Single Women Are Wealthier? Not So Fast, Virginia Scholar Says

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Sarah Wilder Social Issues Reporter
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After an article published in Bloomberg claimed that childless single women make more than those with children, University of Virginia Professor Brad Wilcox took to Twitter on Thursday to debunk the piece.

Bloomberg editor Molly Smith wrote an article Wednesday headlined: “Women who stay single and don’t have kids are getting richer.” The piece cited data from the St. Louis Federal Reserve Bank that showed that single woman with children had on average $7,000 in wealth in 2019, while single women without children had accumulated around $65,000. Smith wrote at the time of publication, “for all the ladies who don’t have kids and maybe don’t ever want them, this one’s for you.’ (RELATED: Study Finds That Religious People Have Better, But Less Frequent, Sex)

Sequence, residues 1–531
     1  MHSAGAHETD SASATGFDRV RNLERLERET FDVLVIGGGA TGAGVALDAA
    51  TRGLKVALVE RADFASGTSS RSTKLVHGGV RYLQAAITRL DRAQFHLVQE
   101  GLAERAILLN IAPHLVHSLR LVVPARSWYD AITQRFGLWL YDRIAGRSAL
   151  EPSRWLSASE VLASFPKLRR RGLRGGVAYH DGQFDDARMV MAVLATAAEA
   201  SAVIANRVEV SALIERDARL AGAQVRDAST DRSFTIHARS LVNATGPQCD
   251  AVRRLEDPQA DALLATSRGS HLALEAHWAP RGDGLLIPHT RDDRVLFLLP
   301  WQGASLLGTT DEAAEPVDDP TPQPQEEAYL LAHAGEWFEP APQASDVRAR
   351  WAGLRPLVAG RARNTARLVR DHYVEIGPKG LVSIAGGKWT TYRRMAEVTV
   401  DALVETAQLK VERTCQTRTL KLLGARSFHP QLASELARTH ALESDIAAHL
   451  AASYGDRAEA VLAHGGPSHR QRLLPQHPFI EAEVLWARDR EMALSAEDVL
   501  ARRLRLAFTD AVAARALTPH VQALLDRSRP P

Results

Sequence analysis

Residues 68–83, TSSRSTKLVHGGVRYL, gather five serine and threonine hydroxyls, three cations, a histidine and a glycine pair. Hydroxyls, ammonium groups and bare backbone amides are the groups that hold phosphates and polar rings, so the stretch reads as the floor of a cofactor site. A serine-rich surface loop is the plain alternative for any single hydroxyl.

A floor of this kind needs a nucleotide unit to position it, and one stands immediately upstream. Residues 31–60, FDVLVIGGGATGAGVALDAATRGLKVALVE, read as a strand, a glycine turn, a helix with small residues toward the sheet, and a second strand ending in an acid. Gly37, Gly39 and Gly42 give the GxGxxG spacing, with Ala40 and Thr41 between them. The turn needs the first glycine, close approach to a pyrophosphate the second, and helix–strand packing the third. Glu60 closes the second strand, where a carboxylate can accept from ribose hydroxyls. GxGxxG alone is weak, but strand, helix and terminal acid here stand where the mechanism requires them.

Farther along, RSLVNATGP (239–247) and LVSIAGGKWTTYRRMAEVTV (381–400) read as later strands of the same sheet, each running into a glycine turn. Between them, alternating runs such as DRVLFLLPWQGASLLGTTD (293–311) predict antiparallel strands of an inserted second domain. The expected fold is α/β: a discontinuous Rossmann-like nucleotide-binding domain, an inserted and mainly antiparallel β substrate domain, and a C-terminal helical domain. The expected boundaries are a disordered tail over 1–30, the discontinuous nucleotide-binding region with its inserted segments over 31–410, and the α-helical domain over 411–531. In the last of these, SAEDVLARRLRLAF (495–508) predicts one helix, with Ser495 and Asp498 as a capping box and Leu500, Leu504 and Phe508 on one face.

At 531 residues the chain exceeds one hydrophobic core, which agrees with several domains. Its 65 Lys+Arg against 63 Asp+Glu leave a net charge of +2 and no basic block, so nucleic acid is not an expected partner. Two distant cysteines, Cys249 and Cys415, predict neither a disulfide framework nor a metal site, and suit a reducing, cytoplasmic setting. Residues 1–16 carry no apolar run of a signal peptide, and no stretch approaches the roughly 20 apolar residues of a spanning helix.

Wilcox says that Smith’s article fails to take married women into account. The data only compares single men with and without children against single women with and without children. Other data from the St. Louis Fed shows that married adults make considerably more than unmarried adults.

Other data from the St. Louis Fed released in 2019 found that married young adults had about three times as much wealth as single households or couples living together from 1989 to 2016.

Following the recession of 2008, married households’ median total net worth almost doubled between 2013 and 2016, but at the time the St. Louis Fed published the data, the median total net worth of unmarried young adult households had yet to improve. Married young households also more frequently own a home, according to the data.